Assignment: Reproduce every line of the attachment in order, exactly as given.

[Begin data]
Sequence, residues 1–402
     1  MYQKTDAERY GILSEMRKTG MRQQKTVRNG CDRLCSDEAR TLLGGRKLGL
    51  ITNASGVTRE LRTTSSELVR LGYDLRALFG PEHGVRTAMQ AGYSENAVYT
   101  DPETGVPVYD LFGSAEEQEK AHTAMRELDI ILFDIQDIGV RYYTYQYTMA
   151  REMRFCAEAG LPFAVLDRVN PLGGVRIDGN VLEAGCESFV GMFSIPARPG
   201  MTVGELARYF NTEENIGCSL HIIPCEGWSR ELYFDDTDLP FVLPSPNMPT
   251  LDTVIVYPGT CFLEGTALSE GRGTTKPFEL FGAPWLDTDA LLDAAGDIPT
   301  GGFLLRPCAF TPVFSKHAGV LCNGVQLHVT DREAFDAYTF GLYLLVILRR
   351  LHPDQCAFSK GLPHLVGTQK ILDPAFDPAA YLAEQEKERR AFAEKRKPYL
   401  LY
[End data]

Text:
Sequence, residues 1–402
     1  MYQKTDAERY GILSEMRKTG MRQQKTVRNG CDRLCSDEAR TLLGGRKLGL
    51  ITNASGVTRE LRTTSSELVR LGYDLRALFG PEHGVRTAMQ AGYSENAVYT
   101  DPETGVPVYD LFGSAEEQEK AHTAMRELDI ILFDIQDIGV RYYTYQYTMA
   151  REMRFCAEAG LPFAVLDRVN PLGGVRIDGN VLEAGCESFV GMFSIPARPG
   201  MTVGELARYF NTEENIGCSL HIIPCEGWSR ELYFDDTDLP FVLPSPNMPT
   251  LDTVIVYPGT CFLEGTALSE GRGTTKPFEL FGAPWLDTDA LLDAAGDIPT
   301  GGFLLRPCAF TPVFSKHAGV LCNGVQLHVT DREAFDAYTF GLYLLVILRR
   351  LHPDQCAFSK GLPHLVGTQK ILDPAFDPAA YLAEQEKERR AFAEKRKPYL
   401  LY